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New Mexico Attorney General to Focus on Children’s Civil Rights

ALBUKERC, New Mexico (AP) — New Mexico’s Attorney General wants to start a conversation with lawmakers and the governor in the hopes of charting a new course for a state besieged by violent crime, poor educational outcomes and persistently dismal child welfare ratings.

Attorney General Raul Torres, who took office Jan. 1 after serving as a district attorney in New Mexico’s busiest judicial district, wants to focus on children’s civil rights by giving them legal representation.

The Democrat says New Mexico is off the charts when it comes to abuse and neglect, and creating a dedicated unit in the attorney general’s office could help turn the tide when it comes to dealing with bad childhood experiences that often lead to that young people are criminally responsible. justice system.

Torres outlined his administration’s priorities and the legislative session starting Tuesday in a recent interview with The Associated Press.

While acknowledging a number of public safety, bail reform and gun control bills to be introduced by lawmakers, he said he wants more attention to be given to the role that child welfare plays in the state’s problems.

Torres worked on one of the state’s most high-profile child abuse cases in private practice and was often asked as district attorney about the source of Albuquerque’s crime and public safety issues.

He said there was a lot of talk about drugs and guns, but he believes it all comes back to what happens when kids end up in dangerous or destabilized homes or don’t get the help they need in the classroom.

“The people we are trying to detain today are usually kids who were let down by the system 15-20 years ago. That’s where they end,” he said. “And so what I’m trying to do now is move the lens and move my focus away from public safety and further upstream to see if we have a way to prevent people from coming into contact with the criminal justice system in the first place.”

Advocates, who have pushed for years to reform New Mexico’s child protection system, are buoyed by the prospects. Some describe it as a “public health crisis,” pointing to scientific studies that show that abuse, neglect, and other adverse events are known to lead to negative outcomes later in life.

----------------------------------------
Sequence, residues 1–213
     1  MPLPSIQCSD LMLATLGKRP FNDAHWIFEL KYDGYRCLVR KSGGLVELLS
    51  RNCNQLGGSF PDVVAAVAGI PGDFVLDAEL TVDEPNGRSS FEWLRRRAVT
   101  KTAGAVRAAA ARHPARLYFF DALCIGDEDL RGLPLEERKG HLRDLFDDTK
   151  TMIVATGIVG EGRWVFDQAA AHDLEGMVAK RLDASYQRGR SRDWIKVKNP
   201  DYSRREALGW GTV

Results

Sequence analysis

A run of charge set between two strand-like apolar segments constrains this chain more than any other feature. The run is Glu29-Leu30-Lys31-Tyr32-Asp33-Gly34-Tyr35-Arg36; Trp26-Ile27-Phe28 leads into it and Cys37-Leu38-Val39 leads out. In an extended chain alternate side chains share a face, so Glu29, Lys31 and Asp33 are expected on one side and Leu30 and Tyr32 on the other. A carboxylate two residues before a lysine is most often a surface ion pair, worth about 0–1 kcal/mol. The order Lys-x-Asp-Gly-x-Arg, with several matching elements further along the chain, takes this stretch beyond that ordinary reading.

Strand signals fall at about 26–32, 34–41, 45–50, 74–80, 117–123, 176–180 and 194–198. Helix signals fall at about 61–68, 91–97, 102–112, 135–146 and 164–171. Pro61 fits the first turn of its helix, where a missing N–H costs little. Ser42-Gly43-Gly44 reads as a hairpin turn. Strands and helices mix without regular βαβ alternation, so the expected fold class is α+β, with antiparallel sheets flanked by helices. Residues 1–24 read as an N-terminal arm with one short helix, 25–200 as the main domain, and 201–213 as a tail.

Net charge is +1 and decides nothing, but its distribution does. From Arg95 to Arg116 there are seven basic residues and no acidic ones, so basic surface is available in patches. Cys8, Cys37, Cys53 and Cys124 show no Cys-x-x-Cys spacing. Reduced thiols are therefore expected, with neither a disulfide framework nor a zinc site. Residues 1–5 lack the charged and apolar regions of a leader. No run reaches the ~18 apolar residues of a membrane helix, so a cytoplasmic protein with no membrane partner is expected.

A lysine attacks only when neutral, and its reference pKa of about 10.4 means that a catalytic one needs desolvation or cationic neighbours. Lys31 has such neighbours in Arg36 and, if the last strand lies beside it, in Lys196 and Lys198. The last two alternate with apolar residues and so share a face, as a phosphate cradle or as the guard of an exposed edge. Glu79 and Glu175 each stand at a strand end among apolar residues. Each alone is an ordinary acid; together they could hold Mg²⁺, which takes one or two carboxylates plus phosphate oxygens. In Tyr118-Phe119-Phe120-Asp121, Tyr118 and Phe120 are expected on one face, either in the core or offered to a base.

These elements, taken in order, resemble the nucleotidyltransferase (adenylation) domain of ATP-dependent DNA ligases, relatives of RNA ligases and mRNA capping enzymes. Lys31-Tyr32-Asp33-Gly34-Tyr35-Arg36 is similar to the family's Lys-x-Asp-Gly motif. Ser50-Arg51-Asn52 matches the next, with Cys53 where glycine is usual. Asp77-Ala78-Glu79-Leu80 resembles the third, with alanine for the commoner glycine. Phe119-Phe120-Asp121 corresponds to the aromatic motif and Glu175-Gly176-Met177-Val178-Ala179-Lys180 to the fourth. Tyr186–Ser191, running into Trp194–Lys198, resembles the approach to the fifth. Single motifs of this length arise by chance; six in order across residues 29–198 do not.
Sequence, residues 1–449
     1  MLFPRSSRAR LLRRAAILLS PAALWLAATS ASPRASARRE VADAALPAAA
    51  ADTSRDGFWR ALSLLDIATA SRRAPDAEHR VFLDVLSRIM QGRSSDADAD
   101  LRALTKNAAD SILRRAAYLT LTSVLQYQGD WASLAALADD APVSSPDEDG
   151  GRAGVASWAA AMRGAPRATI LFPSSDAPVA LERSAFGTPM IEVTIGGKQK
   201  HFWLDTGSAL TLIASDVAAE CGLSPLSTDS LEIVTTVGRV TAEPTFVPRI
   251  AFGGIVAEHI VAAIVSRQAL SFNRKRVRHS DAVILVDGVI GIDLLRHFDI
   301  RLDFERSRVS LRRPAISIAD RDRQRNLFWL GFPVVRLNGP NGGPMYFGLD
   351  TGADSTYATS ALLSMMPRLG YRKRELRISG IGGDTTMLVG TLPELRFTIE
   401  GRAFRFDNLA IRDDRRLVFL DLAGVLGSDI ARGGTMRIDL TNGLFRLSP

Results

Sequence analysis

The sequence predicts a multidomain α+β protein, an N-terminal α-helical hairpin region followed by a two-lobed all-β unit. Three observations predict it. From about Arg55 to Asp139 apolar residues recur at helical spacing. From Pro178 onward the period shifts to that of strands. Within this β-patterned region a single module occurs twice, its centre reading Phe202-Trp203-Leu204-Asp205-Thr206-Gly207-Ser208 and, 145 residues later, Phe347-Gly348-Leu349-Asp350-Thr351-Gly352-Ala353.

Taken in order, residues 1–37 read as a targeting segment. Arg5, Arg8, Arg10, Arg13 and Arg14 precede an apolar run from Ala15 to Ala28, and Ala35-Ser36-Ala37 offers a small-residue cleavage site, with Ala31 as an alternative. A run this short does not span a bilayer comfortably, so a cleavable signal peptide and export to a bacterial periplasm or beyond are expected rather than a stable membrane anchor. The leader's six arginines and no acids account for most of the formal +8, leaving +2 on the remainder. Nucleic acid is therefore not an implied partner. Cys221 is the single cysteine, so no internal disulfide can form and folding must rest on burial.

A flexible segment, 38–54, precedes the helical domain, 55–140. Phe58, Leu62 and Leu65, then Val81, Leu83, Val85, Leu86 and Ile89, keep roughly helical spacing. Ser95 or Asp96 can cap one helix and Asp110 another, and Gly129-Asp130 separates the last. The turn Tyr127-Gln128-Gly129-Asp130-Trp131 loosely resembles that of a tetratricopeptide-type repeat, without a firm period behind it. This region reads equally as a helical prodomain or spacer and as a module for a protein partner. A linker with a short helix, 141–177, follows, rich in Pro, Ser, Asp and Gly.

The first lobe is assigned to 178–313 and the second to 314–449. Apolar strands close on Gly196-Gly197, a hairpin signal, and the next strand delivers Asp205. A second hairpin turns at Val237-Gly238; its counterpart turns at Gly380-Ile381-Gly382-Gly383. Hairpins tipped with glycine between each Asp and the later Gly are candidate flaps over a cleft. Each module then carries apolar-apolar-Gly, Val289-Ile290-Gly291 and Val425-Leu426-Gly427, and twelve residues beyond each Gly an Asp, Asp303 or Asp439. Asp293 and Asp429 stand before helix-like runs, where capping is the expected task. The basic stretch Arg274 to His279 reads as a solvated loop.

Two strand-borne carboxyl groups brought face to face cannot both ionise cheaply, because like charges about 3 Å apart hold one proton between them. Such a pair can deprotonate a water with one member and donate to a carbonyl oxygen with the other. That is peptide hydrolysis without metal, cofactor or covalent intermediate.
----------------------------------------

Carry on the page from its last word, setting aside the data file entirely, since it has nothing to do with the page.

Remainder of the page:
New Mexico will join California and other states that have dedicated children’s rights offices or independent watchdog groups that oversee child protection agencies.

West Virginia, for example, has an office dedicated to the stability of education for foster youth and juvenile justice, and more than a dozen other state legislatures passed bills in 2022 to create advisory boards, councils, and training committees focused on streamlining childcare services and accountability.

In New Mexico, the Department of Children, Youth and Families underwent a personnel reshuffle under Democratic Gov. Michelle Lujan Grisham, and current clerk, retired Supreme Court Justice Barbara Vigil, has vowed to make changes.

The agency was criticized not only for removing children from their homes faster than they were supposed to, but also for not taking them into custody when abuse was suspected, leading to a lawsuit.

Maralyn Beck, executive director of the nonprofit New Mexico Child First Network, called the system broken and said she was encouraged by the Attorney General’s focus on the issue.

“Solutions exist,” she said. “We need to prioritize this as a real crisis that needs to be addressed, realizing that we don’t have to reinvent the wheel.”

Veronica Montano-Pilch, executive director of New Mexico Kids Matter, said her organization has about 500 court-appointed volunteers across the state to look after children as their cases go through the system, and working with Torrez’s office will help.

“Let’s say there’s a waterfall, and if you’re at the bottom and you’re just pulling people out, what good is that?” Montano-Pilch said. “They’re already wet, they’re already sinking.”

New Mexico consistently ranks the worst in the US when it comes to child welfare factors. The latest report from the Annie E. Casey Foundation shows that one in four children in New Mexico lives in poverty, and more than one-third of parents do not have secure jobs. New Mexico also has the nation’s highest rate of children suffering from adverse experiences, according to national surveys and top state health officials.

Legislation to address problems is not new. Last year, lawmakers approved a move to create a new office that would provide legal representation to certain children, parents and guardians whose children may be placed in state custody.

However, a bill to create an ombudsman position stalled in the State Senate last year.

The Attorney General said he believes the level of frustration has reached a point where people are ready for change.

“They are tired of seeing institutions destroyed,” he said. “They are tired of seeing these children endangered, and we have the opportunity to do something. Other states have systems like this, and I think we’re ready for that here in New Mexico.”

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